BZ: I’ve always sought to make pieces that felt interesting enough to catch your eye but approachable enough to wear every day, that’s one of my greatest interests when designing is how to balance those two desires. The other thing I constantly find myself trying to balance is a softness mixed with an edge. I love balancing the two. One of the things I’m most inspired by is materials, and finding really unusual materials to work with that just aren’t commonly seen in the marketplace and then keeping the design elements very clean and minimal so it stands the test of time.

WW: What’s an average day in your life as a jewelry designer and business owner like?

BZ: We are very hands-on with our jewelers, so our day-to-day greatly revolves around our jewelers, our clients, and our retailers. Our Atelier is in Santa Monica, and we make everything locally. We run back-and-forth between our jewelers and the Atelier. To source our rare-cut diamonds and stones, I work with different collectors all over the world, so I am often reviewing stones that have arrived and sitting with them to really feel and understand them before we propose them to clients. 

WW: Key facets of the brand’s mission in relation to sustainability include supporting economic development, donating to organizations, and building an ethical supply chain.  What is the brand doing today to aid in those missions?

BZ: I am always trying to learn more about what problems plagues our industry. A focus for us right now is heavily weighted around offering clients vintage and post consumer diamonds as though our diamonds are sourced ethically, we are working on taking that one step further to being able to offer more post consumer or vintage diamonds which require no new mining.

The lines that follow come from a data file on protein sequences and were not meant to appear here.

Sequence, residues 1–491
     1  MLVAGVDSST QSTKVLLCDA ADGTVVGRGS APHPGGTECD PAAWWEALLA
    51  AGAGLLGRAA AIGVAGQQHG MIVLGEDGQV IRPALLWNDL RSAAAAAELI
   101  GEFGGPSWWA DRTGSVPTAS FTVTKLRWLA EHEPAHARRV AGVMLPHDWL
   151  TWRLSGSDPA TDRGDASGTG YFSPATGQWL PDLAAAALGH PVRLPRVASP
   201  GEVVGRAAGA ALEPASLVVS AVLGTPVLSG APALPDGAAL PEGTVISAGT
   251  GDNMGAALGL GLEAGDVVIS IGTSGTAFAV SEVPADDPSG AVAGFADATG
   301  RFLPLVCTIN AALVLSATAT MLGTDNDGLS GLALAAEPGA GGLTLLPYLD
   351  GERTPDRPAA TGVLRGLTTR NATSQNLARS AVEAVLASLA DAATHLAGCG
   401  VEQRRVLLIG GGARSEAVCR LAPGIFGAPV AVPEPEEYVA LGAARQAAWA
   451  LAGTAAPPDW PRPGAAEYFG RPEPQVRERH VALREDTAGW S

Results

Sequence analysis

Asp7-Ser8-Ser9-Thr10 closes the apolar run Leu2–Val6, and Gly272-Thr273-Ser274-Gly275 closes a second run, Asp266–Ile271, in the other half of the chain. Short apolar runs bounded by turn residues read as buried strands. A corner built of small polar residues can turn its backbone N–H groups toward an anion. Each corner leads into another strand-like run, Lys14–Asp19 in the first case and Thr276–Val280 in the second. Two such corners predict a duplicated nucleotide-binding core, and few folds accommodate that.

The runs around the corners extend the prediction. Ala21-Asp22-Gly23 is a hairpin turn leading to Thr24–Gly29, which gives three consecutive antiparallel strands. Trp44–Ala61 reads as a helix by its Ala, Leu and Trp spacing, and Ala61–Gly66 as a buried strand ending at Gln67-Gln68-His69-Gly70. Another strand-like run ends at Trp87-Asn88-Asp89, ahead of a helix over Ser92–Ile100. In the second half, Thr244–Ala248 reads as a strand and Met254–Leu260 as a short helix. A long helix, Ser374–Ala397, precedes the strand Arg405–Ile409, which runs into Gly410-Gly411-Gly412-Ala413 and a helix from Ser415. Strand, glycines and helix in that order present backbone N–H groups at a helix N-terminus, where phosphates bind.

We are also trying to figure out better ways of engaging our clientele with the nonprofits that we donate to every year, and how to communicate all the incredible work that they are doing in a more effective and regular way in our messaging. We’ve recently shifted to using almost 100 percent recycled precious metals we’re all of our pieces which of course requires no new mining and is very exciting.


Courtesy of AZLEE.

WW: AZLEE has designs that evoke motifs and silhouettes from the French Art Deco era and ancient civilizations. Why are these eras inspirational to the brand?

BZ: I have always been fascinated with ancient civilizations, artifacts and art so using those as a reference came very naturally. And then the way that I design has always been very linear, clean and geometric, which naturally nod to many of the elements signatures of the art deco era. Fusing the linear with the more soft and romantic elements from the different eras has become one of my greatest joys and challenges when designing.

WW: AZLEE also allows customers to create bespoke jewelry with the brand. What could a prospective customer expect when working hand-in-hand? What’s this process like?

BZ: The process is incredibly collaborative, we create the pieces with the client from the ground up so every element is highly considered. I work directly with the clients myself to make sure that the process is intimate and their vision and deepest desires combine to make the finished piece. We offer our clients access to one of a kind stones that no one else in the world will have.


Courtesy of AZLEE.

WW: Has anything changed for your brand amid COVID-19?

BZ: The pace has changed, which has been incredibly liberating. We’ve always operated strictly on the fashion calendar and it can be quite stressful. Now we have the opportunity to redefine the pace which has been incredibly liberating. I think what that looks like for us is slower, more thorough, and more thoughtful, with the goal of creating small works of art in every piece. 

WW: Next week, you’re launching “Staircase II.” How would you describe it?

BZ: It’s much more playful and spontaneous, which I think is a reflection of 2020. I wanted something not so serious, and something that felt deeply indulgent.



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Minjung Kim




Go inside the worlds of Art, Fashion, Design and Lifestyle.


In March, Patricia Ellen and Alexandre Allard launched AYA Earth Partners in São Paulo as the first green economy hub in Brazil.
Whitewall spoke with the jewelry designer Jacquie Aiche about her label's evolution and where she recommends those in LA to go to.
Whitewall spoke with Suzanne Kalan about her eponymous jewelry label, and where to eat and drink in Los Angeles.


Go inside the worlds
of Art, Fashion, Design,
and Lifestyle.